Regular readers of my VR reviews will know I find the Base Station setup process a pain, and it’s the same with the Cosmos Elite. You need to wall-mount the Base Stations or stick them on tripods. You’ll need to update them, as well as the headset, the controllers, your PC drivers, and likely Steam as well. Then install VivePort and Vive Console.
Plus, you need power points for both Base Stations, your computer, the headset and to charge the controllers. And, like the Pro 2, the Cosmos range uses power points that take up two spots. Grrr! Adding to the task, the older Base Stations that come in the kit are a bit more particular in how they need to be set up to work.
The Vive Cosmos is a little easier for obvious reasons. You’ll still have to get everything set up and working on your PC or laptop. Remember that you need a Display Port on said laptop or a Display Port to Thunderbolt connector. But you don’t have to deal with base stations. This is the big “win” of the Cosmos over the Cosmos Elite. And I must say it was nice just being able to set the floor height, map out a boundary, and get playing without any kerfuffle.
The SteamVR and VivePort front ends are both perfectly suitable storefronts and hubs. Switching between and buying games is simple. And because all the software and interface are off-device, you’re not losing out by getting an older VR headset.
Neither the Vive Cosmos nor the Cosmos Elite are the best-looking VR headsets around. The Vive Cosmos has its bright blue faceplate, and the Cosmos Elite looks like it has been punched in the head by a bigger faceplate.
The headphone cups also look flimsy and cheap, and they feel that way to use, too. Fiddling with them and trying to maneuver them into the right place is like trying to stuff too much cardboard into your bin. It’s annoying to get it in there, and then it just pops back out anyway. You can plug in your own earphones, but these connect at the ear cup, and you’ll need to convert your 3.5mm jack from male to female to make it work.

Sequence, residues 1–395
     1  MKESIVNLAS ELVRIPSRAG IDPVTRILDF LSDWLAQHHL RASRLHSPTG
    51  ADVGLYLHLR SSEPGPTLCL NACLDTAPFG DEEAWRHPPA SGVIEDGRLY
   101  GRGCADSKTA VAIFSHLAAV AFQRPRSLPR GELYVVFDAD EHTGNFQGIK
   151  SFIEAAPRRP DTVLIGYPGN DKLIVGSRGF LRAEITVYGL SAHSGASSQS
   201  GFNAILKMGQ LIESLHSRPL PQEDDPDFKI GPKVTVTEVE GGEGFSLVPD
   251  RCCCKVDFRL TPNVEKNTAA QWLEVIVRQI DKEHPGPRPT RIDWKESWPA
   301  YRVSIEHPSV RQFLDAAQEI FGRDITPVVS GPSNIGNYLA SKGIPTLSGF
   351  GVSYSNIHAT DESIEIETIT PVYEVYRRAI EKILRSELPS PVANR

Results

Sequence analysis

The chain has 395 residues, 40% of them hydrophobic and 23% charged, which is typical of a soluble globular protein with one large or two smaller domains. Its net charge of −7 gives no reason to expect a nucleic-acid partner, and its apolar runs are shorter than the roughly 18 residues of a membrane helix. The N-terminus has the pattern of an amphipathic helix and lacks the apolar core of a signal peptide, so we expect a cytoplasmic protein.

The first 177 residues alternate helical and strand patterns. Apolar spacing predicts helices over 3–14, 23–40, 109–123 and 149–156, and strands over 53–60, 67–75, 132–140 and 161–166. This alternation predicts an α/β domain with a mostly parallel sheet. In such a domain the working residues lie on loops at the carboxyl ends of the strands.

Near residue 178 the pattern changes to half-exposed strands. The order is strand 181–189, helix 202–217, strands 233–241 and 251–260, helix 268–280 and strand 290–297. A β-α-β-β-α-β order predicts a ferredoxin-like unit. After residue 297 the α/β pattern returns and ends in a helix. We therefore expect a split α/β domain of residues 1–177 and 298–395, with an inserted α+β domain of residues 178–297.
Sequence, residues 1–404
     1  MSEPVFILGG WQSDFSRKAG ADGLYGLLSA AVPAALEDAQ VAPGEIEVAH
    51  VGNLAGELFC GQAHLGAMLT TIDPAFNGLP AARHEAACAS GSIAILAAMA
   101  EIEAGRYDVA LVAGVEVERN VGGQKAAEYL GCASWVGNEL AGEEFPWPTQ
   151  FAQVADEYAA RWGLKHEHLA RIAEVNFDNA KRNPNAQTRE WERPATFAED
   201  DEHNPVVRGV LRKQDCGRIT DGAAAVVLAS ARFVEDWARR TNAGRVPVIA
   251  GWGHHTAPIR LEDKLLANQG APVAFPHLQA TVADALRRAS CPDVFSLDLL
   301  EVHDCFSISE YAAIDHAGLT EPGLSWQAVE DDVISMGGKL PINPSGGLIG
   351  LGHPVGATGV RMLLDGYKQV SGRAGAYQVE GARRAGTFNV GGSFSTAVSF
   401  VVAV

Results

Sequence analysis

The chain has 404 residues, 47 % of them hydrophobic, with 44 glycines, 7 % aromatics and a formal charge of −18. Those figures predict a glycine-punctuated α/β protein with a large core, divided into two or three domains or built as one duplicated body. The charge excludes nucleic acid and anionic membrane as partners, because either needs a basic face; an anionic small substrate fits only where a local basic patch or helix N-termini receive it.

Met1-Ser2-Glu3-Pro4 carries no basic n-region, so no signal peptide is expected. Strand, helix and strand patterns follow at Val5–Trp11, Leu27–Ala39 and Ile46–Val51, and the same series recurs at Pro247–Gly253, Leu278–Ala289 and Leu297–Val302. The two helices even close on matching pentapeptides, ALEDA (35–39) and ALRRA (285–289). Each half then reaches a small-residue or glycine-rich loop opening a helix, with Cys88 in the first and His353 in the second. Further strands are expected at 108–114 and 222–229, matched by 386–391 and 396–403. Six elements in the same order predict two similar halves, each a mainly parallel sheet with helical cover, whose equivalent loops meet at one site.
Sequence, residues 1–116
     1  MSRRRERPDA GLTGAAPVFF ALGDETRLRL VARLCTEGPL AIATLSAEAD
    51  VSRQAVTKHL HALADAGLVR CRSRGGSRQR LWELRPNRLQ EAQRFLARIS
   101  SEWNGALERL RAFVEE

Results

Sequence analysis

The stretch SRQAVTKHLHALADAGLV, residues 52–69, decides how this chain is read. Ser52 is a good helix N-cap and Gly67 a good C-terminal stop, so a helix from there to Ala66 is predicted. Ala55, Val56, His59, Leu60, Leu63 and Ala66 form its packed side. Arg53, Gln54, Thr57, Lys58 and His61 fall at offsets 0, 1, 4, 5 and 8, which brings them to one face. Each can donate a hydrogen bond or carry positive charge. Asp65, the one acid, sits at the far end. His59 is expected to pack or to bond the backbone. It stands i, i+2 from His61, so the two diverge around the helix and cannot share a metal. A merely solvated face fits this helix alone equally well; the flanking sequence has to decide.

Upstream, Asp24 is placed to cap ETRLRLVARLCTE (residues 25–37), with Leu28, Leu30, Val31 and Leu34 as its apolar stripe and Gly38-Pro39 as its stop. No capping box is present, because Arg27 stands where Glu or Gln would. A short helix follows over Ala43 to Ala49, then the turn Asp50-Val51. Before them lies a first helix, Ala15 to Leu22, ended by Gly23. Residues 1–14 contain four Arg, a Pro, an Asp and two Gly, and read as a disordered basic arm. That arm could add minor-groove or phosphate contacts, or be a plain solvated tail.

The headset does do a good job of keeping light out, and I didn’t find it too difficult to adjust to my head shape. It is a bit front-heavy, so you do feel like you need to tighten the back quite a bit, and it can put a bit too much pressure on your temples and skull. The flip-up mask is a novel approach, but when it’s raised, the weight distribution is even worse. I found myself using passthrough or just taking off the headset instead.
Perhaps I would have had a different opinion if I had reviewed this headset when it first came out. But I find the design just feels its age, and I longed for the comfort and balance of the Vive Pro 2.
The gold standard for me in 2022 is the Valve Index controllers, themselves now over two years old. I’ve seen some complaints here and there, but I find them easy to hold and the buttons well-positioned. It has finger-tracking and a good solid seven to eight hours of battery life. When you’re looking at inside-out tracking, the Oculus Quest 2 controllers stand out. Again, I love the way they feel in my hands, and the battery life is exceptional.